Nolan, the previous coach of the Sabres, will lead Latvia for the first time after being hired last summer. Nolan is the first North American coach for the country since 1939. The nation of just more than 2 million has advanced to the last 16 world championships but has only four quarterfinal appearances.

Other former Sabres participating include Russia’s Dmitri Kalinin, Czech Republic’s Jiri Novotny and Germany’s Felix Schutz and Philip Gogulla. NHL notables include Daniel Alfredsson and Henrik Zetterberg of Sweden, and Evgeni Malkin and Pavel Datsyuk of Russia.

Teams can add to their roster up until two hours before each game, which conclude with the gold-medal championship May 20 in Helsinki, Finland. For the first time, two countries will host the tournament. Sweden and Finland will split the preliminary round and quarterfinals, then the semis and medal round will be held solely in Helsinki.

All 64 games can be viewed for free at hockey. NBC Sports Network will televise all the U.S. games and the medal round. The Americans open the tourney against France at 5:15 a.m. Friday.

---John Vogl

Gabriel, Manley taken in USHL draft

Lancaster sophomore Josh Gabriel was selected by the Tri-City Storm in the second round of the United States Hockey League's future's draft, making him the top player selected from Western New York. Orchard Park's Charlie Manley also was selected.

Gabriel, a forward. was the first pick of the second round (16th overall) after playing last season for the Buffalo Junior Sabres 16-under team. He has been among the most dominant players in his age group for the past several years while playing for West Seneca and the Regals.

Manley, of Orchard Park, was selected by Waterloo with the second pick of the third round (32nd overall). He played youth hockey for the Regals and spent last season playing for Selects Hockey, a program in Connecticut. The smooth-skating defenseman plans to eventually play for RPI.

The future's draft was for players born in 1996 or later. The USHL Entry draft will be held May 22.

---  Bucky Gleason


Roberts apologizes for insulting Canucks' GM during defense of Hodgson

Gary Roberts is still passionate in his defense of Cody Hodgson. But he said today he shouldn't have used the word "moron" while fighting back against Hodgson's former general manager.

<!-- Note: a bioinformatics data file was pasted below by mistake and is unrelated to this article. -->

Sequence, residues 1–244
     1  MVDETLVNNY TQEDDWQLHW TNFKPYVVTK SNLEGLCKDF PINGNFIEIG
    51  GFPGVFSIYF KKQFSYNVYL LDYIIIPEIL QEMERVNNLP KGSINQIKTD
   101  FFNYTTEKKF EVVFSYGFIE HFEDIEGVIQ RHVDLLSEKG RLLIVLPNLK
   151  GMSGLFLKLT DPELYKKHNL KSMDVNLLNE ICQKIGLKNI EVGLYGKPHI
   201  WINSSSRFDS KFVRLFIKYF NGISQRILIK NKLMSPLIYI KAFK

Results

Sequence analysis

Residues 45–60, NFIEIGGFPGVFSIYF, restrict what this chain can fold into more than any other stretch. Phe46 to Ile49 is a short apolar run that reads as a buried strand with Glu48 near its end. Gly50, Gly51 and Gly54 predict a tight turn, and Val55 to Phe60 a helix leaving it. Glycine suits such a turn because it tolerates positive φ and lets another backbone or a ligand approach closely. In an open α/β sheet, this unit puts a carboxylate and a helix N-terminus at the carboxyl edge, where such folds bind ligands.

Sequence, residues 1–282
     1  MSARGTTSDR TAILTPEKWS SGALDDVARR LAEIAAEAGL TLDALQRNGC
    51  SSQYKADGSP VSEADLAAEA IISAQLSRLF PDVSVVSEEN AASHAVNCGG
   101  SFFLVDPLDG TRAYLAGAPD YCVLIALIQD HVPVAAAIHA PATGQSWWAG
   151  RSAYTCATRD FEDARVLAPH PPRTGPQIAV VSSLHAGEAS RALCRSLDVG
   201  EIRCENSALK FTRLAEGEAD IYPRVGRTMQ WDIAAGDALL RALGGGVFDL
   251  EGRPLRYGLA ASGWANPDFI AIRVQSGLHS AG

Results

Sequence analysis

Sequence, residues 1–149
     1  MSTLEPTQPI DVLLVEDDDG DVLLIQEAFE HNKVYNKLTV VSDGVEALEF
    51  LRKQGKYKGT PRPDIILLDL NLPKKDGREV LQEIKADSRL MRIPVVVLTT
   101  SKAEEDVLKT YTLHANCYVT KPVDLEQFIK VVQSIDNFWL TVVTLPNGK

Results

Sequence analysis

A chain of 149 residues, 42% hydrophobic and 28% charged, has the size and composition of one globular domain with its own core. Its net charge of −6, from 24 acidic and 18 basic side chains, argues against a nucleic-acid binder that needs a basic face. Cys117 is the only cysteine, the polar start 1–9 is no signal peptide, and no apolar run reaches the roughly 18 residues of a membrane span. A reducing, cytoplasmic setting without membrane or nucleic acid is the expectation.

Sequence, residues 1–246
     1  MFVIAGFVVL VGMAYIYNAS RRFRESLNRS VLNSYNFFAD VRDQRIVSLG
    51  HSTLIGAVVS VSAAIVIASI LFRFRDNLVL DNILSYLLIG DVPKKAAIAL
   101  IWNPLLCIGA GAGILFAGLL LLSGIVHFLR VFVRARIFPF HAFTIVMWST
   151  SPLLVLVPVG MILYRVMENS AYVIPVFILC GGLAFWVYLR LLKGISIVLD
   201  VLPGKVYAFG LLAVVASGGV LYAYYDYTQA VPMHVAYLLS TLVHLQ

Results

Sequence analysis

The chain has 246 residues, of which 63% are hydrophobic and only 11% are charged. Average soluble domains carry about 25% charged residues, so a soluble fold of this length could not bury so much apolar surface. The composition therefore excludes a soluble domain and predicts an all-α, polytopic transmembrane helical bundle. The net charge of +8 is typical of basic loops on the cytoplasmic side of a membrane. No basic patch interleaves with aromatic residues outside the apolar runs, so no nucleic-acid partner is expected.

Speaking with Sportsnet 590 The Fan in Toronto, Roberts said he's sorry for his word selection while sticking up for Hodgson against comments made by Canucks GM Mike Gillis.

"I absolutely apologize," Roberts told the AM radio station. "It’s a long story. I apologize for using that word. I should not have used that word. Obviously, emotion was part of my game, as you guys know, and sometimes I didn’t always make the right choice. As you can see, I’m still not making the right choices in maybe that word selection.

"But I felt that the time that I’ve spent with Cody Hodgson these last three years, to see the type of person he is and the commitment he’s made to getting healthy and being the player that everybody expected him to be, I really felt strongly to make a stand for that young man the other day."

While discussing the February trade that sent Hodgson to Buffalo for Zack Kassian, Gillis said last week he "spent more time on Cody's issues than every other player combined on our team the last three years."

Roberts, who is entering his third summer of training Hodgson, defended the center during a phone interview with The News over the weekend.

"I talked to Cody after this came out with Gillis," Roberts said. "I know he's on vacation, and I said, 'Hey, I know you went through a lot of stress. How are you feeling about some of those comments?' He said, 'Gary, I've dealt with a lot of stuff there in the last three years, and I'm just going to take the high road.'

"For me, I'd like to be the guy that looks at Mike Gillis and says, 'You're a moron.' It doesn't really do anybody any good other than the fact that Mike Gillis looks like, as they say on TSN, a dud."

Roberts told the radio station today: "I didn’t mean to cause anybody any grief other than the fact I didn’t even refer to that word, to be honest with you. It was kind of taken, 'I would like to be the guy that says that, but really that’s not doing anybody any good,' is how I phrased it, and it came out differently, and so I apologize for that word. It should not have been used."

---John Vogl

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John Vogl

John Vogl

John Vogl has been covering the Sabres since 2002-03, an era that has included playoff runs, last-place finishes and three ownership changes. The award-winning writer is the Buffalo chapter chairman for the Professional Hockey Writers’ Association.

@BuffNewsVogl |

About Sabres Edge

Mike Harrington

Mike Harrington

Mike Harrington, a Canisius College graduate who began his career as a News reporter in 1987, has been covering the Buffalo Sabres since 2007. He is a member of the Professional Hockey Writers' Association and can vouch that exposed flesh freezes instantly when walking in downtown Winnipeg in January.

@BNHarrington |

Amy Moritz

Amy Moritz

Amy Moritz, a native of Lockport, has a bachelor’s degree in journalism/mass communication from St. Bonaventure University and a master’s degree in humanities from the University at Buffalo. An endurance athlete, she has completed several triathlons, half marathons and marathons.

@amymoritz |